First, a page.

Why would you ever need that on your site if you believe that copyright infringement is not stealing?

Reply Parent Score: 2

RE[3]: Comment by Sausage
by Sausage on Sat 27th Nov 2010 15:57 in reply to "RE[2]: Comment by Sausage"
Sausage Member since:
2010-11-27

I agree with you about the TSA. They have one... caveat, if you will... that allows them to circumvent what would normally be a clear cut privacy violations case. No airport within the US is obligated to use the TSA. You are, in essence, giving implied consent to be searched by utilizing an airport that choses to use TSA for security. There is nothing in the law that says that airports, which are not government owned, have to use TSA. In fact, some congressmen are calling for airports to drop TSA completely and go with private security... and some airports are considering it.

Reply Parent Score: 2

RE[4]: Comment by Sausage
by telns on Sat 27th Nov 2010 16:39 in reply to "RE[3]: Comment by Sausage"
telns Member since:
2009-06-18

No airport within the US is obligated to use the TSA.


No, but the TSA sets the procedures. So even if the airports switch to private contractors, the TSA tells them what machines to use, and what pat-down methods to use.

You are, in essence, giving implied consent to be searched by utilizing an airport that choses to use TSA for security.


I disagree. Everyone has a prima facie right to travel where and as they see fit, which should only ever be interrupted in extraordinary circumstances. If I have a right to do something, and you order me that I won't be allowed to exercise that right unless I do what you want first, that is extortion. Even if I comply with your demands, it doesn't make it consent, because the demand was what violated my rights. It isn't consent in any legal or moral sense anymore than it is consent if I hand over my wallet to a thug, because he promised as long as I gave it over quietly he wouldn't pull the trigger. I can weigh the costs and decide handing it over is better than dying, but my "consent" with the thief's demand does not magically exonerate him of any moral or legal guilt.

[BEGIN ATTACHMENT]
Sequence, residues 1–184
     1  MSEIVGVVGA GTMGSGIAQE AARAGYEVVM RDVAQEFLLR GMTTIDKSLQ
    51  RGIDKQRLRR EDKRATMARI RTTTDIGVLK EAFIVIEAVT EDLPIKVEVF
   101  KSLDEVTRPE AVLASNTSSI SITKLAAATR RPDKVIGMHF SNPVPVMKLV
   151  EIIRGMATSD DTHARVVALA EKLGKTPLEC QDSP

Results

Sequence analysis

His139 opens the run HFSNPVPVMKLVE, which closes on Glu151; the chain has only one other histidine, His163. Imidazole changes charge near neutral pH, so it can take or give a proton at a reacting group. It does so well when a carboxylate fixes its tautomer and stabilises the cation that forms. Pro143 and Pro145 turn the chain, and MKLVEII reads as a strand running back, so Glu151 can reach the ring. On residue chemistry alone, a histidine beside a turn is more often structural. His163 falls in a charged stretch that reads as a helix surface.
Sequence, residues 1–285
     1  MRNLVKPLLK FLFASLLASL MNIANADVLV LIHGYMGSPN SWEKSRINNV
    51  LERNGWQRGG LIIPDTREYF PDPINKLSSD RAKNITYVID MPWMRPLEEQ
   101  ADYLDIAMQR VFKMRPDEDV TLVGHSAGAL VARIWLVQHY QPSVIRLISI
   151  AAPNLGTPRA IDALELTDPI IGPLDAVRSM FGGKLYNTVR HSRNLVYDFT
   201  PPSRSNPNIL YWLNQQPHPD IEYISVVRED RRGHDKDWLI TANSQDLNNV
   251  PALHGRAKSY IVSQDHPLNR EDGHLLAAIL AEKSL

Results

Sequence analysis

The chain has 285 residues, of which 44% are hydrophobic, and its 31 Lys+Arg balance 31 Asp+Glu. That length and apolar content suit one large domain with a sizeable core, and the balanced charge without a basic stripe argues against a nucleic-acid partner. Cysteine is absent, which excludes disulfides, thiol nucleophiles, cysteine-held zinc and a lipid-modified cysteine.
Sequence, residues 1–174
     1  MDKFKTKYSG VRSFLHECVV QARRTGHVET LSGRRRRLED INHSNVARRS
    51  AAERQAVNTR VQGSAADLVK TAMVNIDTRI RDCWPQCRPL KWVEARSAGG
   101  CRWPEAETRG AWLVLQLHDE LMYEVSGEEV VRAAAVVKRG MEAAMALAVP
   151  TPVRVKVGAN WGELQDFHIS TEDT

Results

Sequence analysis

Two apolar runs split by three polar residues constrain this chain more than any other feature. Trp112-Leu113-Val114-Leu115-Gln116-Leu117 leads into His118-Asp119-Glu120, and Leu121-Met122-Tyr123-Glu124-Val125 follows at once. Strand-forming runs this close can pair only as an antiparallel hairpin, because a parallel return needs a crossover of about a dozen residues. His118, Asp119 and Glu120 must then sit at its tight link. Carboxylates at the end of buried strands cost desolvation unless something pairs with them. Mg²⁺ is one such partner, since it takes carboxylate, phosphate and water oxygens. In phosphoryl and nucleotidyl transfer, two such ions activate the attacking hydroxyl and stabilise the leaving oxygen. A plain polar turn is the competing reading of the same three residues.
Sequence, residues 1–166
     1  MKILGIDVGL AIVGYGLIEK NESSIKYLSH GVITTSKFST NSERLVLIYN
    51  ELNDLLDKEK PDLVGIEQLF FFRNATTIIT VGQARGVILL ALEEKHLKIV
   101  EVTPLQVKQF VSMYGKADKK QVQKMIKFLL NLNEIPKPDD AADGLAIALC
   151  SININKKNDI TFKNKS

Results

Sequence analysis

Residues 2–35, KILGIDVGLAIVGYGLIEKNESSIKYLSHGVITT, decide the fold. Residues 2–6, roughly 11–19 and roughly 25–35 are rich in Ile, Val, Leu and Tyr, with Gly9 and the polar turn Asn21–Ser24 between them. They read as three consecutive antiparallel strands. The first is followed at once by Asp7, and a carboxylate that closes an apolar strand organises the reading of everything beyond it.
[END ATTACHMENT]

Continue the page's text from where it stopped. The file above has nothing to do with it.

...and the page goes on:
If there were free competition in airport security processes, I might agree with you, but there is not. All "public" airports and airlines are heavily controlled by the US Federal government, and as I mentioned above, the TSA dictates the security methods whether or not the airport chooses to use TSA employees for screeners. There is no escaping it, and there is no choice. You either "consent" to the thugs' demands or you are denied your right to fly.

Reply Parent Score: 3

RE[4]: Comment by Sausage
by Lennie on Sat 27th Nov 2010 18:26 in reply to "RE[3]: Comment by Sausage"
Lennie Member since:
2007-09-22

Some airports do not make use of the services of the TSA, but they do have to abide by similair rules.

If you are interrested in reading up on the subject, you should really look at this blog-post:

http://www.schneier.com/blog/archives/2010/11/tsa_backscatter.html

Also it doesn't mean the TSA-officers are happy about it all themselfs:

http://boardingarea.com/blogs/flyingwithfish/2010/11/18/tsa-enhance...

Summary: these procedures do not work, they don't not make you safer.

Simple example any terrorist can just blow up the people when they are queued waiting to go through these procedures.

Reply Parent Score: 4

RE[3]: Comment by Sausage
by indieinvader on Sun 28th Nov 2010 22:27 in reply to "RE[2]: Comment by Sausage"
indieinvader Member since:
2009-08-11

I would recommend reading, or possibly re-reading, the definition of anarchy:

http://anarchism.pageabode.com/afaq/secA1.html#seca11

I would also like to point out that Copyright Infingement != Theft! See:

http://www.osnews.com/thread?451308

Reply Parent Score: 2